It was put to Mr Smith that the Ratcliffe station was the 3rd largest emitter of CO2 into the atmosphere from the UK. He disputed this, but didn’t have the figures available to him.  The defence had earlier asked for the production of statistics, records and general management figures on the operation of the plant, but he had not bought them with him.  When pressed said: “he hadn’t had the time to produce them”. He did say however that emissions are within those set out in government legislation. These target operate company & nationwide rather than those from individual stations. They make monthly returns to the Environment Agency and Ratcliffe has benefited from hundreds of millions of pound investments in attempt to reduce emissions.

Further, he didn’t recognise other figures put to him from CARMA – Carbon Monitoring for Action [ http://carma.org ]  that suggested 12.8 million tons of CO2 emitted by coal fired burning, but said it depended of power outputs. He agreed renewables were still quite a small proportion of total generations by E-On. He declined to say anything about the companies nuclear ambitions for the future.

Power stations possibly have a shelf life of 25 years. Ratcliffe is now 40 years old, but frequently upgraded. He didn’t agree with James Hanson of NASA who had said that coal-fired burning should be abandoned altogether.

Next witness was Mr Christopher Marsh: Assistant Shift Team Leader.
He attended a briefing re the protest and had been designated as the “incident controller”. On visiting the location, he saw 4 policemen in attendance and 3 protestors at the base of the junction tower [the confluence of the coal conveyors]. Others were chained to the trash screens [large object capture filter] and the hand rail. More were D-locked onto ‘fire protection pipe-work and the top of the tower. Mr Marsh said some of these places were very unsafe and negotiation took place asking people to re-locate.  Later he said, police took control and were supported by E-On staff.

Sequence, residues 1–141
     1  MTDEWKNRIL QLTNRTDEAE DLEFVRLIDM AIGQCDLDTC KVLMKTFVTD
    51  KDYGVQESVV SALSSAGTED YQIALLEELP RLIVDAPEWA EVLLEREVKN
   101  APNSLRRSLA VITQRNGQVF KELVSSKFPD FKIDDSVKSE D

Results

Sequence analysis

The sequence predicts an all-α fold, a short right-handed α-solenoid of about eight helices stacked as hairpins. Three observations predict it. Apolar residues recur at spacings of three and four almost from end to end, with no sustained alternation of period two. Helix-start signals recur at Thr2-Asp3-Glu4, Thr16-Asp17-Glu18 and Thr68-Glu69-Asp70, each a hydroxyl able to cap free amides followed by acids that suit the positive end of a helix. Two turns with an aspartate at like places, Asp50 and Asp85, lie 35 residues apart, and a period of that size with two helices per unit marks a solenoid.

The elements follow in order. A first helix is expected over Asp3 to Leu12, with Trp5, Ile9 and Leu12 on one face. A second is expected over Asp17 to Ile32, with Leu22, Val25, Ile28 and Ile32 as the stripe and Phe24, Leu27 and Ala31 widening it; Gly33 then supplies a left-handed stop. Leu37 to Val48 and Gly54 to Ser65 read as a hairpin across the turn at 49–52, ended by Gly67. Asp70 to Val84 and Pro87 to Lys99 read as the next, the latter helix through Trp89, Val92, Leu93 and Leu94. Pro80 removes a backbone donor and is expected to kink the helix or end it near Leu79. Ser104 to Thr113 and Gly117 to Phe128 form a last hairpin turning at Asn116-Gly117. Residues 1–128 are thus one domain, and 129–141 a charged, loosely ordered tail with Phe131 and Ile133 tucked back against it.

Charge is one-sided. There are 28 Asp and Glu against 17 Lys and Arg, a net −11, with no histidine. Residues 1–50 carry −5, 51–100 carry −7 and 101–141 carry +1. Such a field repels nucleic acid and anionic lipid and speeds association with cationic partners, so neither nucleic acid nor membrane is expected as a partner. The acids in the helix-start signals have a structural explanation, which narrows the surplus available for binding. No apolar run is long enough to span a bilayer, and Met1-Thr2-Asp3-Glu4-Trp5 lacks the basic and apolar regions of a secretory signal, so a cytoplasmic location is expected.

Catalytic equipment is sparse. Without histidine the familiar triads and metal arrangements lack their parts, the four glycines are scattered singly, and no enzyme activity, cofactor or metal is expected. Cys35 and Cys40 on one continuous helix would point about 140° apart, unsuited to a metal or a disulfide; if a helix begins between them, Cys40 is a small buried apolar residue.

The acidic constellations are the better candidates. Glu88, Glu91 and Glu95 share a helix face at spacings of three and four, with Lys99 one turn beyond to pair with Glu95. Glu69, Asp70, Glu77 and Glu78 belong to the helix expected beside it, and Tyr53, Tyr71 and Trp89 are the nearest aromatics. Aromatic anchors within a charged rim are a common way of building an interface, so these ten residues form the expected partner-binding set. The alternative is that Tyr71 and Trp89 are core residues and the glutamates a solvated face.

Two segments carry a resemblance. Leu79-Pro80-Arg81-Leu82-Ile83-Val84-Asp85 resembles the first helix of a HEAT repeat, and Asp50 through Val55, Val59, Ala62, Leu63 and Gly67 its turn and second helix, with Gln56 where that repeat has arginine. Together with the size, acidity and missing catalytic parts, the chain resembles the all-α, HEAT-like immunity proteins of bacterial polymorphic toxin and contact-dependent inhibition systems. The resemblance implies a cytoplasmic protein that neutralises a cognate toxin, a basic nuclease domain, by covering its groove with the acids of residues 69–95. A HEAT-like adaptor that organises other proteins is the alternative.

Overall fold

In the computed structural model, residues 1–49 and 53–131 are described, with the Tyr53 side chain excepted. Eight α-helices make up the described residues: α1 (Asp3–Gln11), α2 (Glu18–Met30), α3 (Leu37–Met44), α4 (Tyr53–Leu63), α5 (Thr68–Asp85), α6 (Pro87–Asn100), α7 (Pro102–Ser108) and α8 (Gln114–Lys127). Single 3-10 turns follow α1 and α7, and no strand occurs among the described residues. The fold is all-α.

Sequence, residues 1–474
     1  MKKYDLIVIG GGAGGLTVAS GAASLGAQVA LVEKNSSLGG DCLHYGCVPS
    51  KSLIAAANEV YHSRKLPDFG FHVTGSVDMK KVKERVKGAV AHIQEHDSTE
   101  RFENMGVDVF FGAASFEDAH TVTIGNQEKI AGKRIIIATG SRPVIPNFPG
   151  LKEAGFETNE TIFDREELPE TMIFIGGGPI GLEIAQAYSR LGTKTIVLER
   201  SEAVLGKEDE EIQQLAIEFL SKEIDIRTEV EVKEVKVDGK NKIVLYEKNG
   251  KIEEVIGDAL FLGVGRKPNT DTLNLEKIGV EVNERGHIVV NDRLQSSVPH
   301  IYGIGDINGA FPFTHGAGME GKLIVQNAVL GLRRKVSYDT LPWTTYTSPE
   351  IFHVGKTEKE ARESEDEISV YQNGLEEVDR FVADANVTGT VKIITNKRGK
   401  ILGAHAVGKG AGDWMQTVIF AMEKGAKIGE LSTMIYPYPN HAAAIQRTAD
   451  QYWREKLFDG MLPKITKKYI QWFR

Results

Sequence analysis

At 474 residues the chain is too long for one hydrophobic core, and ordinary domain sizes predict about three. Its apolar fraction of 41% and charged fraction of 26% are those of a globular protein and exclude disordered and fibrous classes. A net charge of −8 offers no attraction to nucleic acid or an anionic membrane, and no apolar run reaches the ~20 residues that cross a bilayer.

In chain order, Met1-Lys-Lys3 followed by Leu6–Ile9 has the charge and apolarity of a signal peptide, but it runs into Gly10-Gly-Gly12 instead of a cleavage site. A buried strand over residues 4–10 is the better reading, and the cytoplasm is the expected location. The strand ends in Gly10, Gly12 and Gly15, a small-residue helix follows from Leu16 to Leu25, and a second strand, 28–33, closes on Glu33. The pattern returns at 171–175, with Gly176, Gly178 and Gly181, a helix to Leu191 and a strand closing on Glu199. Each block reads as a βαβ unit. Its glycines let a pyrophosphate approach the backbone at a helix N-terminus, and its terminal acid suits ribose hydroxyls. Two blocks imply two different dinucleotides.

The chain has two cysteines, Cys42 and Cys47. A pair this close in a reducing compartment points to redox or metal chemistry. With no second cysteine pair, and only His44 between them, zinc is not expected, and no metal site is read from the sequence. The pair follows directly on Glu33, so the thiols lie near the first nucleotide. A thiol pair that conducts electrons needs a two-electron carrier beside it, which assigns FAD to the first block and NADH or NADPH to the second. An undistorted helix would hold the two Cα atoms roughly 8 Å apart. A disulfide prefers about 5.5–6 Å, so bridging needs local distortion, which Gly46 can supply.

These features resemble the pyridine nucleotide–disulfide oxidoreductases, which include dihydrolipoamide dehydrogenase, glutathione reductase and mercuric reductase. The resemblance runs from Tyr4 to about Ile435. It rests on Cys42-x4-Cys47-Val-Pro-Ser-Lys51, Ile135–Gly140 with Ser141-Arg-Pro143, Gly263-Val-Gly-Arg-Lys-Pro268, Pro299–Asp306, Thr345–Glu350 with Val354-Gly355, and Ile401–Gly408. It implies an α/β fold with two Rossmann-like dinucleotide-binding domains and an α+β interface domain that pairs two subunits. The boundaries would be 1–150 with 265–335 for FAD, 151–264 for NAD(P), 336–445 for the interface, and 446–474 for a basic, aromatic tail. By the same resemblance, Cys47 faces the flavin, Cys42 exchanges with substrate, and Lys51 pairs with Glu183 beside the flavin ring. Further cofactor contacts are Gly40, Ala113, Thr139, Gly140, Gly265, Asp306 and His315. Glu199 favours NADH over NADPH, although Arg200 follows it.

Mr Marsh agreed that if protestors had stayed where they were for longer, this would have resulted in the plant operation coming to a close.  Further, that the action did directly result in a reduction of CO2 emission from Ratcliffe.  No other staff at the power station were disrupted in their activity and hence they were quite targeted in effect. A lighter moment was when he was asked to ‘put himself in the protestors shoes’, could they have done anything more to remain there longer. “No” he said, “They were doing their best!”

Last witness of the day was Mr Nicholas John Holick: A Service Engineer.
His duties included being ‘Head of Security’.  He was responsible for co-ordination of the security effort, but had not actually attended the locations within the plant. He had said that the plant was ‘quiet’ in that the operations of the conveyor had stopped, that this, when operating,  could easily be heard from outside of the buildings.

He was asked if had heard how protestors had got onto the site. They just walked onto the site via road 22 and road 6.  No fences or gates were climbed.  A weighbridge attendant did see people coming and expected them to arrive at his office where he would have told them they were coming in the wrong entrance. But then they just walked past him!  He could not confirm the reports that some security were reading the paper and drinking tea.

The case was adjourned until tomorrow, when we will hear the principle defence expert witness; a climate scientist, and Royal Society Research Fellow.
The case continues ………………

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More background and links about it all, on the Indymedia Feature:

‘Clean’ Coal On Trial